Next steps in the indigenous struggle: Territorial reoccupation and reconversion of eucalyptus plantations

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Although the struggle for 11,009 hectares of Tupinikim and Guarani land in the hands of the greatest eucalyptus pulp exporter in the world, Aracruz Cellulose, was a major challenge, the reoccupation of this territory and reconversion of eucalyptus in the zone to other land uses is perhaps an even greater one.  Over the past 40 years, more than 90% of the area has been occupied and exploited by monoculture eucalyptus plantations, causing degradation of countless streams and rivers, killing the fish and contaminating the scant water left for the indigenous people to drink, bathe and wash their clothes.  The tree felling preceding the plantation of the eucalyptus trees destroyed the indigenous peoples’ great wealth: the Atlantic forest, with its numerous kinds of wood, medicinal plants, game, fruit, raw material for traditional crafts, among other products.

The conditions for territorial reoccupation depend, in the first place, on the terms of an agreement known as TAC – Document for the Adjustment of Behaviour – that is to be drawn up by the Federal Public Ministry with the participation of the company, the indigenous peoples, the 6th Chamber and the Ministry of Justice. This TAC is aimed at “improvements” in the area, mainly the eucalyptus plantations.  The signature of this TAC is important to avoid the company launching legal proceedings – as it constantly threatens – as this could make the conclusion of indigenous land demarcation unfeasible.  If the government were to consider that Aracruz planted the eucalyptus trees in good faith, the company would have the lawful right to compensation – although this does not correspond to what happened at the time, as can be vouched for by the indigenous people who were present during Aracruz’s invasion of the area. Aracruz has estimated the value of the “improvements” in the area at US$ 53 million. However, for its part the federal government has declared that it does not have the resources to compensate the company, and for this reason suggests that the eucalyptus planted be part of the negotiation. Other improvements and items under negotiation include power transmission cables, a railway branch and part of the hydraulic complex.

The company will surely demand that all the eucalyptus trees be removed from the area, leaving a literally devastated landscape for the Tupinikim and Guarani people, while these want to ensure conditions that will enable them to work in the conquered lands.  These conditions will be defined in the final draft of the TAC. Once the TAC is agreed upon, the demarcation process could be concluded. This process also consists of the physical demarcation of the area – placing signs – homologation of the area by the President of the Republic and legal registry of the lands, declaring that they belong to the federal government and that the Tupinikim and Guarani people have the right to their exclusive use.

So far, the Tupinikim and Guarani people have submitted the following proposals to establish territorial reoccupation:

- In the first place the Tupinikim and Guarani people want to rebuild the villages destroyed by the invasion of Aracruz in the area, as was the case twice in the past when they recovered their lands after 2005. Four Guarani families are already living in the recently rebuilt village of Olho D’Água. The Guarani people are cleaning the areas surrounding the straw-roofed wood and mud houses, built in the middle of the eucalyptus plantation, to start growing foodstuffs. The presence in the area of one of the few springs that survived the environmental disaster of the monoculture eucalyptus plantation has encouraged the Guarani people to start living in this place and restore the old village.  Another village that will be lived in shortly is Areal. Certainly other villages will start being populated and thus the indigenous people will be able to recover their traditional occupation of the region – with sufficient villages, each with a few families – thus freeing the existing villages that are suffering from overpopulation problems.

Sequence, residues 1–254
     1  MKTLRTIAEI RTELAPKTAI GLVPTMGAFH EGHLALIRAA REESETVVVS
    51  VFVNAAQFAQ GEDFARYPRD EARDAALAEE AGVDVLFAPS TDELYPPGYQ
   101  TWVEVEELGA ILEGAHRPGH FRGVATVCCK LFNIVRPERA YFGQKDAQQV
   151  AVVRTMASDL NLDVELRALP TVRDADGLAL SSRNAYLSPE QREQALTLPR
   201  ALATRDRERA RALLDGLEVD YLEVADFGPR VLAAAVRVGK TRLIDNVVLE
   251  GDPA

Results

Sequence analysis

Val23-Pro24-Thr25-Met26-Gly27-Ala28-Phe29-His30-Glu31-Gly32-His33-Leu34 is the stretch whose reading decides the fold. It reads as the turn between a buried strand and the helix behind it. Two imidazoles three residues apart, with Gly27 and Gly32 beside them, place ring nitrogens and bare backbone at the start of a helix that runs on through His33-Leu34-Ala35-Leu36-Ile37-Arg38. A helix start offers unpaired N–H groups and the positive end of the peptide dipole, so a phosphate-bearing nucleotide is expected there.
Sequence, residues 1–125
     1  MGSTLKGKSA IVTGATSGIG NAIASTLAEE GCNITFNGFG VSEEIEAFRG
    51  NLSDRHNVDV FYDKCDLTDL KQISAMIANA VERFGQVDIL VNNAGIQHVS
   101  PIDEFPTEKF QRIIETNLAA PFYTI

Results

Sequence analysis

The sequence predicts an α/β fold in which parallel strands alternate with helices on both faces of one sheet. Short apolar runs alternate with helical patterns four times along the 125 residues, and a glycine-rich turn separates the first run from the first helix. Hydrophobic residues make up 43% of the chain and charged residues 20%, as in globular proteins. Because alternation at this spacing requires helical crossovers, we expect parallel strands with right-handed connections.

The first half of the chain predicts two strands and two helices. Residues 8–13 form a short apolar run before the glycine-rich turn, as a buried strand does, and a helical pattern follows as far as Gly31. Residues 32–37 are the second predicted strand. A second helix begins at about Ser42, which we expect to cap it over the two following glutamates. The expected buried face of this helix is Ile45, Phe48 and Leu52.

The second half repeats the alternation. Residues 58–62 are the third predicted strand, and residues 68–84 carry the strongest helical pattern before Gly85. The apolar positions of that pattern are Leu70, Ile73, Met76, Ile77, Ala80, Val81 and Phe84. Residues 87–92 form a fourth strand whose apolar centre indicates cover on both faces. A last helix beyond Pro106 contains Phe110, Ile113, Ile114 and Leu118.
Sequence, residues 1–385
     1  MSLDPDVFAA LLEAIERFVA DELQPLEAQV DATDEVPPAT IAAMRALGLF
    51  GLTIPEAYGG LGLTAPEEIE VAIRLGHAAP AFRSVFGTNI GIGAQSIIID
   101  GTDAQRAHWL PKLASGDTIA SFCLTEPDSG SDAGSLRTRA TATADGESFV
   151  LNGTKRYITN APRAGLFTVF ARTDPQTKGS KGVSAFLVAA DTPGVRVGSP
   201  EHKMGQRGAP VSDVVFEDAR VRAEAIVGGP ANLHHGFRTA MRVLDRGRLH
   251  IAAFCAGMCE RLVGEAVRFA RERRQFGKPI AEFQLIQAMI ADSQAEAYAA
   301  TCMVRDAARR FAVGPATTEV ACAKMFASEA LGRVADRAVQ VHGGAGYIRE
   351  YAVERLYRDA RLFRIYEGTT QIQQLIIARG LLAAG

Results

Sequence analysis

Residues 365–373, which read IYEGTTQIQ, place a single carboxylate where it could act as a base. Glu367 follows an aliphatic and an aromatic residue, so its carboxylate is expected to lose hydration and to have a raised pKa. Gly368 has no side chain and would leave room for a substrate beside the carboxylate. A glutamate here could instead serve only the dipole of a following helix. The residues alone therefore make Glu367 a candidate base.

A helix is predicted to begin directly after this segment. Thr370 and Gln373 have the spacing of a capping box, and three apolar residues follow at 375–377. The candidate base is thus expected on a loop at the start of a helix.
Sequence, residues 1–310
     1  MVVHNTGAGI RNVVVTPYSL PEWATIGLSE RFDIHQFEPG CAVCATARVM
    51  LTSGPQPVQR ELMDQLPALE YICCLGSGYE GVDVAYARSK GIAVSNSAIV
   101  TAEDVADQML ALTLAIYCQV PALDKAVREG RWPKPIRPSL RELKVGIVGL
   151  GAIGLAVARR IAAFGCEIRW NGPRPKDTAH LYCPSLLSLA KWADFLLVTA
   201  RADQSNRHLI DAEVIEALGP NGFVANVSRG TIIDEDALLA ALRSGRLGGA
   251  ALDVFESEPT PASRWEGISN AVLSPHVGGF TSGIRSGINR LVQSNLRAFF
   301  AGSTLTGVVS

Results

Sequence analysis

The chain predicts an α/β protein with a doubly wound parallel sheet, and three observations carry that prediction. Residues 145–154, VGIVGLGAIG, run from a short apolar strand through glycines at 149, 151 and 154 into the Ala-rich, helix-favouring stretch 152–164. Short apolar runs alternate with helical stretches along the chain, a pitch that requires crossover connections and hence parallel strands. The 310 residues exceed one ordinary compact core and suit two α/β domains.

- Secondly, the communities want to reforest part of the area with native trees from the Atlantic forest, giving priority to the banks of rivers and streams, in addition to springs. They know that this work is important to guarantee water and thus life for future generations of the Tupinikim and Guarani people. Since 2005, the communities are discussing proposals for reforestation and a large meeting of the villages was organized under the name of “Replanting our Hopes.” A pilot project was launched in 2006 for a nursery to produce native tree saplings in the village of Pau Brasil, guided by a list of over 100 species prepared by the older indigenous people. They are species that have traditionally been used by the indigenous people for crafts, home-made remedies and domestic utensils. This year two reforestations have already taken place, including an area previously planted with eucalyptus trees. From now on the proposal is to encourage this restoration work.

- In the third place, the communities are seeking economic alternatives for the indigenous lands, using different kinds of crops that can generate employment and income. Various proposals are being studied, but no fully defined plan exists as yet. What does exist is an enormous will to ensure the communities’ economic autonomy, with a place where the children can live and in the future, work, enjoying the freedom that Aracruz took away from them in the past. A place where, even with all the changes frequently imposed on the indigenous people, the basic elements of their tradition and culture are preserved. In the future, this will enable the Tupinikim and Guarani people to continue developing their way of life.

By: Winnie Overbeek, FASE/ES, e-mail: